Gary Jackson: Fire When Ready Pottery
A Chicago potter’s somewhat slanted view of clay & play
Categories: bowls, classes, wheelthrowing

So this week in my pottery class we tackled BOWLS!!!
And not just ANY bowls, but bowls on purpose… and not just a cylinder gone bad!!!
So many beginners are making bowls by accident. But tonight we started doing them on purpose from the very start. I did a bowl throwing demo for my students showing them the “right way” to make a basic round bowl. And then I “released” them back to their wheels to start throwing bowls. While they were working, I threw 18 bowls in total… apparently that’s what a bag of reclaim clay makes?!

After I had made all eighteen “basic” bowls… we re-grouped for the fun part of the demo! I showed them a lot of quick tricks on how to make their bowls “not-so-basic” anymore! We altered rims, did some texturing and I introduced colored slip as a decorative option. Ultimately I just wnat my students to learn to play with their clay, try new things and try to make it their own. Sure, almost anyone can make a round bowl. The wheel kinda does it for you. But the fun part is decorating it and making it your own!!!

Bowl #1 – Fluted Rim.
One finger inside, one finger outside, pinch & twist.

Bowl #2 – Fluted Rim again.
Because if four is good, eight might be better?

Bowl #3 – Narrow Flange.
Basically keeping a finger steady on the outside an inch lower than the rim, and then the inside hand gently bends the rim out over the stationery hand while spinning on the wheel.

Bowl #4 – Wider Flange.
Because if a narrow flange is cool, a wider one might be better?

Bowl #5 – Flared & Fluted Flange Combo.
Bend the flange out first, and then come back to flute the edges.

Bowl #6 – Dragonscale Tool.
I have a cool metal tool designed for dragon or fish scales.
But it also works well to make this sort of flower effect in the bottom of a bowl.

Bowl #7 – Split Rim Pinched Together.
I start by splitting the rim carefully with the sharp point of my wooden knife.
Then I go back and pinch it back together in a few spots.

Bowl #8 – Split Rim Dented In.
Again, carefully split the rim, an then use the side of my wooden knife tool to dent inwards in eight places.

Bowl #9 – Split Rim In & Out
Another split rim, this time dented in for four, and out for four… which kind of squares it up a bit. Who says bowls need to be round???

And then I introduced colored slip to my class. We talked about some of the benefits of using slip now, as opposed to trying to glaze certain tings later. The we started playing with some thick white slip…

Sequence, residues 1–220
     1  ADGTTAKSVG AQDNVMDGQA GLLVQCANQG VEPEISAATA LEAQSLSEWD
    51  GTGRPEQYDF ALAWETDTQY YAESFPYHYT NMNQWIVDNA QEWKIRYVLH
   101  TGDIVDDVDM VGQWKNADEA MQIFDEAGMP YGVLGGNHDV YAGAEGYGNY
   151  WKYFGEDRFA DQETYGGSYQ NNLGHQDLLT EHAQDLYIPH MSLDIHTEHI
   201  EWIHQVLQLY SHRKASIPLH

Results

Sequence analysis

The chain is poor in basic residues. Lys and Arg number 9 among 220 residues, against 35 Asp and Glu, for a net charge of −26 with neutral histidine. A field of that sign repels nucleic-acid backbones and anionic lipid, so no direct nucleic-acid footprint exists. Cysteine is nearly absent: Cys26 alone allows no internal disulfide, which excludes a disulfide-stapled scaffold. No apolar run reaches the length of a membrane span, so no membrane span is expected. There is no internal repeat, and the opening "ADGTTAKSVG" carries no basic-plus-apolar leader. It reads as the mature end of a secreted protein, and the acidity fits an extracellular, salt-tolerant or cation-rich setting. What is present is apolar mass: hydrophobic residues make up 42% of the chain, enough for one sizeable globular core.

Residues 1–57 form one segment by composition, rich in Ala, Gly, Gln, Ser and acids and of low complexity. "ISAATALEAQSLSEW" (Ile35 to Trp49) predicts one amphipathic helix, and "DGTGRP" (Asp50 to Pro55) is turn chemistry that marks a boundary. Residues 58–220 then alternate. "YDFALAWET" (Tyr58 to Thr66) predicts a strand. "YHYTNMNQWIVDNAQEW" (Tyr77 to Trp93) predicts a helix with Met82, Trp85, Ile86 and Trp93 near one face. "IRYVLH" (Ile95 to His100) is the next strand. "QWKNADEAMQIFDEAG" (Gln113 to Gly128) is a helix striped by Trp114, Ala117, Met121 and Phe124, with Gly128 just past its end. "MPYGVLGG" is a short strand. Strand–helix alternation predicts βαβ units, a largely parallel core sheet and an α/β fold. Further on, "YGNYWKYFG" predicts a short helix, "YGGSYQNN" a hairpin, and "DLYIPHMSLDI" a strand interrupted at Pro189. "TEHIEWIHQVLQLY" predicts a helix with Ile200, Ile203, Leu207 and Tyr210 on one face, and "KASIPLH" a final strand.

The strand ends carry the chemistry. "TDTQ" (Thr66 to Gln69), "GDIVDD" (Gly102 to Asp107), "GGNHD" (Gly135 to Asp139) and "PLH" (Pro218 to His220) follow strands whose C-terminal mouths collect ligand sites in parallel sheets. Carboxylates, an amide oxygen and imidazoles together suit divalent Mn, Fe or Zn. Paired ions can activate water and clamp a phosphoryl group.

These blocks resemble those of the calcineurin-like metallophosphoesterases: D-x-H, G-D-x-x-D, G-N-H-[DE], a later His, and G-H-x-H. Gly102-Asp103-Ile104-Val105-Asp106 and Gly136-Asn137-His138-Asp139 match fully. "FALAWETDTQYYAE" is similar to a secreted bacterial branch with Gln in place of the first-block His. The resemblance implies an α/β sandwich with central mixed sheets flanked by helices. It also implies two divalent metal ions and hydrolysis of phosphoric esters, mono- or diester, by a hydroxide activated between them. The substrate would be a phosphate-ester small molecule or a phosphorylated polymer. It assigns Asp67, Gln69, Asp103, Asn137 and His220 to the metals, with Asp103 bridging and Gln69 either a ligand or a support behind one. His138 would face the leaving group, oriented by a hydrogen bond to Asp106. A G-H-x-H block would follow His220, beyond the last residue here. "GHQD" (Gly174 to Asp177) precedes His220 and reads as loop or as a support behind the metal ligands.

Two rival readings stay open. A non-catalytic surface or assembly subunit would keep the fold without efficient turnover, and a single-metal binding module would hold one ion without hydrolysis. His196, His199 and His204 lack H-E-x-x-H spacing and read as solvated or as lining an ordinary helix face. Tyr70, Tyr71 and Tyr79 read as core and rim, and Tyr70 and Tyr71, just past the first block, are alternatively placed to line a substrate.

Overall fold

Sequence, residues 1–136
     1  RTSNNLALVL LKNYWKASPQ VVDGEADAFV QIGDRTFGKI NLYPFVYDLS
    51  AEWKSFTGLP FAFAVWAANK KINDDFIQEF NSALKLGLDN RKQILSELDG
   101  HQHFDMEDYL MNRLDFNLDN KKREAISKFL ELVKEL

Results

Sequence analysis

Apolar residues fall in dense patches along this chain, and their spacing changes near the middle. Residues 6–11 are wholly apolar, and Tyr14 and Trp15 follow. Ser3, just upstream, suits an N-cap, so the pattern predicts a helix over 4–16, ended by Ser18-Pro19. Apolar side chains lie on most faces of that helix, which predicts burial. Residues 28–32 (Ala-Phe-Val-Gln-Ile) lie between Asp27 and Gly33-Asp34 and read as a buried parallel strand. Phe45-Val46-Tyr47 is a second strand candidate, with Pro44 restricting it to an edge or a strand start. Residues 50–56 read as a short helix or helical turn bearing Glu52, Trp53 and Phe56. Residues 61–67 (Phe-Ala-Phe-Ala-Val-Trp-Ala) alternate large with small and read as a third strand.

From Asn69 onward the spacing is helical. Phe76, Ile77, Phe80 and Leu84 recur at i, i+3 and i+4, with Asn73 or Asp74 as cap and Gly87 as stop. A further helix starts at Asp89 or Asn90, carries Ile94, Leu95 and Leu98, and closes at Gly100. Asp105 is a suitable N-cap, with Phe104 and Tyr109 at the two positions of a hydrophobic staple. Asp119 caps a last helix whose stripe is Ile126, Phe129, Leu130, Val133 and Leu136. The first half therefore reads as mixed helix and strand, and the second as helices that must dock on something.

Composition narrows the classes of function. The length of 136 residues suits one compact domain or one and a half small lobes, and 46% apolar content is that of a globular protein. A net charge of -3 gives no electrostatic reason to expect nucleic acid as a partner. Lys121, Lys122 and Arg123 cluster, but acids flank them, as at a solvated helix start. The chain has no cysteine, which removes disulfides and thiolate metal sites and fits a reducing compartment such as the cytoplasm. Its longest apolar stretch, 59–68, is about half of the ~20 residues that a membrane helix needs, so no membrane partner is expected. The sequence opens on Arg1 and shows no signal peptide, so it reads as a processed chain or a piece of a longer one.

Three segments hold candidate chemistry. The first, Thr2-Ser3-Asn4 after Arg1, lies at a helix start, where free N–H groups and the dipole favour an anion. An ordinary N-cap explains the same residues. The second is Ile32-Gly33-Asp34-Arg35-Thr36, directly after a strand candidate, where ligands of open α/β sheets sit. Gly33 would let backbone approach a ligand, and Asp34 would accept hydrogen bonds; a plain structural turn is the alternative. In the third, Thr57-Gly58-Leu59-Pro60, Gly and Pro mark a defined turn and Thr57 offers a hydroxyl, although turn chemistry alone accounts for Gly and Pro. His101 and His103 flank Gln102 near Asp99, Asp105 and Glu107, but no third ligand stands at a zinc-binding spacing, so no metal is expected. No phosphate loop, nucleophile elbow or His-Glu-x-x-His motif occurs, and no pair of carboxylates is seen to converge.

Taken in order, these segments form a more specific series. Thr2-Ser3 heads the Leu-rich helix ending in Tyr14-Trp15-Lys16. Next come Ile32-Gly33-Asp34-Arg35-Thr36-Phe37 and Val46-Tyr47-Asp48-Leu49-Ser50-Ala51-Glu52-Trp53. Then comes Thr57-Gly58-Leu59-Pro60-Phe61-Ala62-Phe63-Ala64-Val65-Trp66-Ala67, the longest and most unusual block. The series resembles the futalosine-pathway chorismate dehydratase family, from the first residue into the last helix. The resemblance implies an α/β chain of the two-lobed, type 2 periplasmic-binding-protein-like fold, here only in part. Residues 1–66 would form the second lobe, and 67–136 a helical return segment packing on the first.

Bowl #10 – Thick White Slip Spiral
Simply coated the inside and then dragged a saturated brush of slip through it to make the spiral. The extra thickness will remain there through the bisque firing… and then show up even more when the glaze puddles & pools there.

Bowl #11 – Thick White Slip Spiral
Again I coated the inside of the bowl with a layer of thick white slip. And then I just dragged the rounded end of a tool through while the wheel was spinning. Easy-peezy!

Bowl #12 – Finger Squiggles
Same thick white slip… but finger painting to make the squiggles!

Bowl #13 – Thick White Slip Bands & Squiggles
So I combined the perfect banding with the imperfect squiggles. Banded first, squiggles to fill.

Bowl #14 – Chattered White Slip.
Another layer of thick white slip… and then some decorative chattering through the slip while the wheel is spinning. Chattering is basically rhythmic tapping of a plastic rib through the slip to reveal the clay body.

And if white slip is good, maybe TWO slips would be better???... so we added Black!

Bowl #15 – Black & White Ombre With Spiral.
I did the layer of white first, and then carefully blended a layer of black slip over it to create an ombre gradation. And then I dragged the rounded end of my wooden knife through the slip up & out. And I’m TOTALLY LOVING that fun little swoosh at the end… completely unplanned!!!

Bowl #16 – Shaped Rib With In-Dents & Out-Dents.
I used a decorative wooden rib pressed into the sides to create some grooves, then dented in & out, and then filled the bottom section with black slip.

Bowl #17 – Sponge Painting
This time I used a sea sponge to dab on layers of white & black slips. I’m kinda diggin’ the granite-marble sort of effect.

Bowl #18 – Splattered Slip
For this one I used a special little tool I found a few years back to splatter paint, slip or glaze. So I did a layer of splattered white, then a layer of black… and went back on to do some more black… and then some white… until I felt it was perfectly un-perfect!

And for now I have eighteen bowls to finish up. I’m fairly confident there will be some stamping, texturing, and further altering of these bowls. More is more, right?! And then after that, they will all need to be trimmed, fired, glazed and fired again!


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